This session will delve into the meaning expressed the following metaphor of the sun that shines through clouds and mists, and how the Buddha’s wisdom illuminates our lives even in times of difficulty and confusion.
The light of compassion that grasps us illumines and protects us always; The darkness of our ignorance is already broken through; Still the clouds and mists of greed and desire, anger and hatred, Cover as always the sky of true and real shinjin.
But though light of the sun is veiled by clouds and mists, Beneath the clouds and mists there is brightness, not dark. When one realizes shinjin, seeing and revering and attaining great joy, One immediately leaps crosswise, closing off the five evil courses.
The word “nirvana” means “to blow out,” as in “when a flame is blown out by the wind.” This week’s Dharma talk will focus on the Third Noble Truth taught by the Buddha, that the peace of nirvana is attained by extinguishing the blind passions of selfish desire, hatred and delusion.
Schedule 8:30 a.m. Shoshinge Sofu Chanting 9:00 a.m. Taiso Morning Exercise 9:30 a.m. Dharma Service 10:30 a.m. 日本語法要 Japanese Language Service
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Why only one pinch of incense in Jodo Shinshu Hongwanji-ha?
We offer incense as an expression of gratitude to the great oneness that is Amida Buddha.
Why isn’t incense raised to the forehead in Jodo Shinshu Hongwanji-ha
One common understanding is that incense is raised to the forehead as an expression of gratitude for the purification that is received (Jpn. itadaku 頂く) though the offering. In the Jodo Shinshu tradition, the way of offering incense expresses the understanding that the fragrance is not something we receive for our own self-purification, but rather is something that we offer as an expression of our gratitude and reverence for the Buddha’s great compassion. The words of the Buddha found in the Three Pure Land Sutras assure us that the Buddha’s great compassion embraces us just as we as are—with all our impurities of body and mind—so incense does not serve the purpose of purification in the Jodo Shinshu tradition.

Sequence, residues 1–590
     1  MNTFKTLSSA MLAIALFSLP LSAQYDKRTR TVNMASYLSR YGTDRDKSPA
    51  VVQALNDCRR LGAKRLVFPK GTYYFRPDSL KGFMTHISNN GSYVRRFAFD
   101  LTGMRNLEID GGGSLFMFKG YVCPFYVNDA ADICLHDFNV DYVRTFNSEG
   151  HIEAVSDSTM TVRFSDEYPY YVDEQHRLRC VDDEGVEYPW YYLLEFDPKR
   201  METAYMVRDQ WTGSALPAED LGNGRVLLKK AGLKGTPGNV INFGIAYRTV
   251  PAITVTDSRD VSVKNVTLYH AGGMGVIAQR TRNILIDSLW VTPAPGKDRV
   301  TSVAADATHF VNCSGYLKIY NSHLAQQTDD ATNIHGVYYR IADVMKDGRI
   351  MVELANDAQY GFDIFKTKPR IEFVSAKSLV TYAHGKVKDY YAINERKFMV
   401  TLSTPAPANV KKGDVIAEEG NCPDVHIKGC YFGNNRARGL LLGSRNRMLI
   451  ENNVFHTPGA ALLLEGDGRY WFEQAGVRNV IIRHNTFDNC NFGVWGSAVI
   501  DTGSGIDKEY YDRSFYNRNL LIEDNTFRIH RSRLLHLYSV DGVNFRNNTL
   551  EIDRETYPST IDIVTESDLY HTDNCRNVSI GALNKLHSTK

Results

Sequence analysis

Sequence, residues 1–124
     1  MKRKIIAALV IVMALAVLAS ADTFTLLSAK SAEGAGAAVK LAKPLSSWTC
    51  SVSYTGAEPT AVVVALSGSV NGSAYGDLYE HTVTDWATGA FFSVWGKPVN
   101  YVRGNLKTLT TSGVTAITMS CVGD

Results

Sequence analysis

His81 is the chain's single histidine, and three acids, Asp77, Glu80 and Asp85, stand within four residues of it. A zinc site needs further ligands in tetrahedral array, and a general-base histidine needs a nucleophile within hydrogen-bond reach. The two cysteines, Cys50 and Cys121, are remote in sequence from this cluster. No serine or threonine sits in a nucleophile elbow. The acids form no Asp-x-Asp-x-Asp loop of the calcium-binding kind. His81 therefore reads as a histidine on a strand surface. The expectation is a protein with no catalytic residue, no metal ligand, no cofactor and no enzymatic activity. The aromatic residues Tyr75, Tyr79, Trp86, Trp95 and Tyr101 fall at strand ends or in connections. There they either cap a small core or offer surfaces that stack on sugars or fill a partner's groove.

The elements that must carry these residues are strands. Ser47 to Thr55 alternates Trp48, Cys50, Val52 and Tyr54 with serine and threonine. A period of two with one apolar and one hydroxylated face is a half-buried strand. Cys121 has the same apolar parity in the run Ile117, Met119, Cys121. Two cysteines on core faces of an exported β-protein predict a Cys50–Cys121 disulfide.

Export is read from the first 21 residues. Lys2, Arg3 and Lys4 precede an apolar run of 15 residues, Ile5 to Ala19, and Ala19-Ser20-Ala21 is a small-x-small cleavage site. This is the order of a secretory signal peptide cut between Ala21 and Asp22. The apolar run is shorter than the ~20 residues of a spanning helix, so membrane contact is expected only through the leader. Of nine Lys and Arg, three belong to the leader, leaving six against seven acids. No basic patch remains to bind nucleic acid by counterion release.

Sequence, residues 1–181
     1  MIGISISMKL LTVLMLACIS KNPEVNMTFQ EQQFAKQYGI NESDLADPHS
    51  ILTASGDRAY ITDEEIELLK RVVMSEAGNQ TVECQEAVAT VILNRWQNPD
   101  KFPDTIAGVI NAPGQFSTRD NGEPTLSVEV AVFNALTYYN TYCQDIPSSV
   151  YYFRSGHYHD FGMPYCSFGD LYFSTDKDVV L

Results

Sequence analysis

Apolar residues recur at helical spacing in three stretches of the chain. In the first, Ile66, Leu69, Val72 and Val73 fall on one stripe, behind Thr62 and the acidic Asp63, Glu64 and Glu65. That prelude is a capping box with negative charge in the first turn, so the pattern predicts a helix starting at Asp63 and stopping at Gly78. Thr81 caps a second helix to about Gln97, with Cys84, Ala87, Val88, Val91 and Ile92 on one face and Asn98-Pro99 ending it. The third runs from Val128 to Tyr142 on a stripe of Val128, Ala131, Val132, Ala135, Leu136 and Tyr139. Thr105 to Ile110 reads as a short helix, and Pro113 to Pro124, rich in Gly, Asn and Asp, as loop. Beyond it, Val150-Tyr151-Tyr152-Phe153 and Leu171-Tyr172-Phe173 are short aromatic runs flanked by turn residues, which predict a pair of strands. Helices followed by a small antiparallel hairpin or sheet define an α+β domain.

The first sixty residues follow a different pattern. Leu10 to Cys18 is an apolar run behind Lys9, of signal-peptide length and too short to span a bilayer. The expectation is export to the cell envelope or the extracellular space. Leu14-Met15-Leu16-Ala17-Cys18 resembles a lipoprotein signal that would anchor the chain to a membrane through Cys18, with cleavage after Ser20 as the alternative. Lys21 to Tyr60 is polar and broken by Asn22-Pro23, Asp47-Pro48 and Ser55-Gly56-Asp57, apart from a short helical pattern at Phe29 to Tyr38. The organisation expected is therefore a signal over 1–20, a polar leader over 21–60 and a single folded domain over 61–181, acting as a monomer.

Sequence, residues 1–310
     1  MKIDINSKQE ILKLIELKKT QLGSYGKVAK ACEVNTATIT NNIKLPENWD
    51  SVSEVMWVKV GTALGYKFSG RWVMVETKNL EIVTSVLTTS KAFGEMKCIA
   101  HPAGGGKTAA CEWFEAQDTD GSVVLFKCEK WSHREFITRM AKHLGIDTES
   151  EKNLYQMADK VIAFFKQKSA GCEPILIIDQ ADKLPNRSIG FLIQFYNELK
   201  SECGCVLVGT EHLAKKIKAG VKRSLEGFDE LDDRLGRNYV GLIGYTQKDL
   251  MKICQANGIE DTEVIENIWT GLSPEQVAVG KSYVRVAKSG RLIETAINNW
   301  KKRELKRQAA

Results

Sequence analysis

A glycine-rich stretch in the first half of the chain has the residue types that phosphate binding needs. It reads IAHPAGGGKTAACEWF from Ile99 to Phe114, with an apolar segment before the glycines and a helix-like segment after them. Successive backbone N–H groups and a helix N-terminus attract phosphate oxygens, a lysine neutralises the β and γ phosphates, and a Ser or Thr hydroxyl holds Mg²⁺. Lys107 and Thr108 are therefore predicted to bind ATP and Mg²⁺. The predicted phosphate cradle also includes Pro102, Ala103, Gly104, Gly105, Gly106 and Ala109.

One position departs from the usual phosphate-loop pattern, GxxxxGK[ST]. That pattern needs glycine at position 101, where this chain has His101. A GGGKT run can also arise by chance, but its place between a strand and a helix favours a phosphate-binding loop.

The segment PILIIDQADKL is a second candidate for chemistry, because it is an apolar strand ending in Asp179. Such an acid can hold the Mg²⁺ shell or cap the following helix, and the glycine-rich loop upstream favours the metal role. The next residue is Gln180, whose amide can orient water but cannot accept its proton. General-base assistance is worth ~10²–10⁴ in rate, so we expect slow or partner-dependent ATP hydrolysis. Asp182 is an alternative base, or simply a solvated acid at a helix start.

Some common explanations for offering incense three times:
The most common understanding is that incense is offered to
Dainichi Nyorai (Mahavairocana Buddha)—as a symbol of the principle of true reality
Kobo Daishi—as a symbol of our Master/Founder
Ancestors—as a symbol of our origin
Another common understanding is that incense is offered to “burn away” or purify the negative karma created by
Incense may also be offered on behalf a departed loved one
as an expression of homage to
in order to eliminate/purify oneself of the three poisons
before going to the next realm.
A person who offers incense on behalf of a departed loved one shows their respect and honor for the deceased through the intentions described above. Through the power of the Buddha, Bodhisattva, or other being (ex. Fudo Myoo) to which the incense is offered, impurities are transformed into virtues or merit (Jpn. kudoku 功徳) that can support and aid the deceased when they are about to be born into the next realm.
These understandings are based on the Shingon goma fire ritual, in which spiritual thoughts are burned with the fire of the Buddha to create goodness or remove karmic defilements. In this way, the fire, smoke and incense express a goma fire ritual conducted by a representative of the deceased.
Growing up in Minnesota, my favorite sport was alpine skiing. As a teenager, I competed in slalom racing on my high school ski team and the great sports hero of my youth was Olympic slalom champion Alberto Tomba. Our team practiced at a local ski hill that somehow managed to rise out of the flat surrounding farmland, gradually increasing in elevation over the years thanks to innumerable dump truck loads of dirt. I never came close to winning a race, but I enjoyed practices because the course of gates was set differently each time, transforming the otherwise unremarkable little hill into a challenging and exciting place to ski.